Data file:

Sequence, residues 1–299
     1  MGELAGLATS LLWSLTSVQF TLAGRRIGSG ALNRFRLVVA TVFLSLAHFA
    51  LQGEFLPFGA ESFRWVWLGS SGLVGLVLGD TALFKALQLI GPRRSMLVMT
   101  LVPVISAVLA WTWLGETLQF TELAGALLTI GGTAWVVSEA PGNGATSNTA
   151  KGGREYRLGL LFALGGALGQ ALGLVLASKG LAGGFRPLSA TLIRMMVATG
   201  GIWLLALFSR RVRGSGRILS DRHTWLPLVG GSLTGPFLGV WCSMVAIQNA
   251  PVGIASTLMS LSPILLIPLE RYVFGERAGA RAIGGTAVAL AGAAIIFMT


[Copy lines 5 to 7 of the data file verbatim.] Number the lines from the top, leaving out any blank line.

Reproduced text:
   151  KGGREYRLGL LFALGGALGQ ALGLVLASKG LAGGFRPLSA TLIRMMVATG
   201  GIWLLALFSR RVRGSGRILS DRHTWLPLVG GSLTGPFLGV WCSMVAIQNA
   251  PVGIASTLMS LSPILLIPLE RYVFGERAGA RAIGGTAVAL AGAAIIFMT